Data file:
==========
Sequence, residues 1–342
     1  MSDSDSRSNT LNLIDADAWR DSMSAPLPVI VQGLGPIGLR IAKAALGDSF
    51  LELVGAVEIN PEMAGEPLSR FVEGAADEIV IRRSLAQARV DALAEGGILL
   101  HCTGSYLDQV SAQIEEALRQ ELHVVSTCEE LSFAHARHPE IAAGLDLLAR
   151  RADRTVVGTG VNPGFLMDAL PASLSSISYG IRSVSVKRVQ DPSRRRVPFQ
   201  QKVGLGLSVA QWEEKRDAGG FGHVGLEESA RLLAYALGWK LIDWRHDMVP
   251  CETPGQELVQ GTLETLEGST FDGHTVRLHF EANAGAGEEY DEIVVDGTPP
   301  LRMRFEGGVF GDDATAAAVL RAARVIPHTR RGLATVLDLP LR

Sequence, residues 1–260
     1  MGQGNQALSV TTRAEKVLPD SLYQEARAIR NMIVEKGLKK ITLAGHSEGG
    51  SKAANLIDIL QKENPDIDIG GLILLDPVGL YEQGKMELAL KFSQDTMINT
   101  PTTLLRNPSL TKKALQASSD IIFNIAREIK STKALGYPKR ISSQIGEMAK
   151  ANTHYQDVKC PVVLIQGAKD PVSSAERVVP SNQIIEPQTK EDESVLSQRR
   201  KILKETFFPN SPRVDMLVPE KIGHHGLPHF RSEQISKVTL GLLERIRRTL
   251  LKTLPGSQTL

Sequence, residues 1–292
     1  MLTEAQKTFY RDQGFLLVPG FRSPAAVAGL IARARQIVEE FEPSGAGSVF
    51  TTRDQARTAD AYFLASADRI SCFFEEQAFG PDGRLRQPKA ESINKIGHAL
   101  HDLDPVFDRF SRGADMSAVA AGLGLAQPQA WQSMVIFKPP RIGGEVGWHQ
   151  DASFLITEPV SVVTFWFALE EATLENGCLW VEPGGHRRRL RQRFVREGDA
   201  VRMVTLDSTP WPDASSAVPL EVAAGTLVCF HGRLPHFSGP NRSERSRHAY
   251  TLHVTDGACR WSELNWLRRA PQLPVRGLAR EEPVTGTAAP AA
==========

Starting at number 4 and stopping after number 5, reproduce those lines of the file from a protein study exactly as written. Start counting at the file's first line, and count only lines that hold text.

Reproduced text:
   101  HCTGSYLDQV SAQIEEALRQ ELHVVSTCEE LSFAHARHPE IAAGLDLLAR
   151  RADRTVVGTG VNPGFLMDAL PASLSSISYG IRSVSVKRVQ DPSRRRVPFQ